Gianluigi Donnarumma grew up fast. So fast, in fact, that his mother Marinella used to have to bring his identity card to games with her when he was 11 to prove that he wasn't actually older than the opponents he towered over.
The aspiring goalkeeper always looked like he belonged in the big leagues but even Marinella and her husband Alfonso were taken aback by the phone call they received from their son on the evening of October 24, 2015.
"Dad! Mum! I'm playing tomorrow," Gigio enthused. "Will you come and watch me?!"
It was no joke, though. Less than 24 hours later, the proud parents travelled north from their family home just outside of Naples and watched their son make his professional debut at San Siro.
"We were so happy and had tears in our eyes," the AC Milan goalkeeper's father told La Stampa. "It was an unforgettable moment."
But only the first of many. Since making his debut 18 months ago, Donnarumma has already established himself as the most exciting young talent in the game today - and, thus, a most worthy winner of NxGn, Goal's list of the top 50 players born on or after January 1, 1998.
Agent Mino Raiola claims that the 18-year-old is worth €170 million and while that may be open to debate, what is beyond dispute is that Manchester United, Chelsea and Real Madrid would all dearly love to sign Donnarumma.
Milan, though, are intent on building an entire team in front of a childhood fan who could, conceivably, tend goal at the Giuseppe Meazza for the next two decades.
Indeed, those within the trade are in no doubt as to Donnarumma's incredible potential. Joe Hart, presently on loan to Torino from Manchester City, has been astounded by what he has seen of his fellow shot-stopper, claiming that the teenager is already among the best players in his position.
"Donnarumma is incredible, full stop," the England international told Gazzetta dello Sport. "His age is almost irrelevant and just adds extra gloss to the situation.
"Time can only make him better but he acts as if he’s already got a long career behind him."
And a long one ahead of him, according to former Milan No.1 Giovanni Galli, who is convinced that Italy has another goalkeeping great on its hands.
"Gigio is a phenomenon," he declared. "As I’ve said for some time, keepers like him are only born every 30-40 years. I’d put him in the same category as Dino Zoff and Gigi Buffon."
Such talk would seem ridiculously premature were it not for the fact that World Cup winner Zoff believes that Donnarumma is capable of surpassing his own remarkable achievements.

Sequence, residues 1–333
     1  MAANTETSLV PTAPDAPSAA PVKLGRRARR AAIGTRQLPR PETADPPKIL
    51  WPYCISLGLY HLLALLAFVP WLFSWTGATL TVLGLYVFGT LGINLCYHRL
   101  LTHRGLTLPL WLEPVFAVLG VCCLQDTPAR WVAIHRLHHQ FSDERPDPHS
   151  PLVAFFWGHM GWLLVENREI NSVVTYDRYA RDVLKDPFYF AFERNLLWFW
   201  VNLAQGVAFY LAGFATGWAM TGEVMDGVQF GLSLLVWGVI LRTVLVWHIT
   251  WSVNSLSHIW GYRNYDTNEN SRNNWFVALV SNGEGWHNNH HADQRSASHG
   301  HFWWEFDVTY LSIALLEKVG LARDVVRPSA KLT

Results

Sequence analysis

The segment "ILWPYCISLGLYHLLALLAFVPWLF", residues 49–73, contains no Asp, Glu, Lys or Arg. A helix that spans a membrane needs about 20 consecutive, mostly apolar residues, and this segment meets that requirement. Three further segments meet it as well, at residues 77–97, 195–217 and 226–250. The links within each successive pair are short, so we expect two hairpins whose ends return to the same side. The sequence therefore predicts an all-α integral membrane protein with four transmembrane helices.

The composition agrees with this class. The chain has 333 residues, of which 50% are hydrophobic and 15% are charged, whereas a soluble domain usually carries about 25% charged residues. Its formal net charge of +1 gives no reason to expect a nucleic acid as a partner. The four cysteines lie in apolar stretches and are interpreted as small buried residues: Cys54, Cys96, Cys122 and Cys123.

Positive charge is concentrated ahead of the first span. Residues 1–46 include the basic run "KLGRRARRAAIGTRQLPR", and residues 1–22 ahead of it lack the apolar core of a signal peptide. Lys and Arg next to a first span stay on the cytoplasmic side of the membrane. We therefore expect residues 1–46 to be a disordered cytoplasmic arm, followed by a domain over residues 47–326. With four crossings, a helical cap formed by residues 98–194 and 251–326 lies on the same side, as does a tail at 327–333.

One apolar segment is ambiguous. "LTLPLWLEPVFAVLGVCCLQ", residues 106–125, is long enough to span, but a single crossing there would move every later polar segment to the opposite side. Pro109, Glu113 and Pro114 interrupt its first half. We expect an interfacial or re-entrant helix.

"I see him as even better than myself," confessed the man who skippered the Azzurri to victory at Espana 82 at the age of 40. "He’s doing extraordinary things and he looks set to have a fabulous career.
"My only advice for him is that he remains humble and tries to improve, especially in terms of his technical skills, as some goalkeepers forget about [working on] them."
There seems little chance of that, for two reasons. Firstly, he is impressively dedicated to his trade and self-improvement, as underlined by the rigorous training drills that have gone viral.
Secondly, Donnarumma's role model is Buffon and the youngster no longer just views the Italy captain from afar, he now gets to work alongside him.
Donnarumma has already been capped twice by his country and relishes each and every training session with the man he is destined to succeed as his country's No.1 after next year's World Cup.
"[Buffon] is special," the Neapolitan says. "He’s a wonderful person and he helps me a lot."
Buffon, for his part, is revelling in his role as the master to Donnarumma’s apprentice. There may be 21 years between them but they have much in common.
Like Donnarumma, Buffon was only a teenager when he was thrust into the Serie A spotlight, handed a surprise start for Parma against the AC Milan of George Weah and Roberto Baggio when he was still only 17. The world's most expensive goalkeeper has been making history ever since.
Consequently, few others know better what it takes to sustain a career at the highest-level, particularly in such a pressurised position and Buffon believes that his "little brother," as he calls him, is even better equipped to cope with the demands of being the last line of defence.
Indeed, while Buffon sees some similarities between his younger self and Donnarumma on the field - both share a remarkable ability to appear utterly unflustered, regardless of the enormity of the occasion - he says that his protégé is far more mature than he was at the same age.
Staunton on Donnarumma
Peter M Staunton has some valuable advice for our #NxGn winner, AC Milan goalkeeper Gigio Donnarumma. Do you agree?Posted by Goal.com on miércoles, 22 de marzo de 2017
"He's a special lad, very calm," the 39-year-old explains. "I was completely different at his age! He's thoughtful, intelligent and has extraordinary quality.
"He has everything to make history in the role. We'll just have to wait 20 years to make conclusions."
Obviously, there is no need to rush things, particularly from the perspective of Donnarumma's parents. As Alfonso says, "For us, he's still a boy."
The boy has already become a man, though, and it is already clear that he has what it takes to one day become a legend too.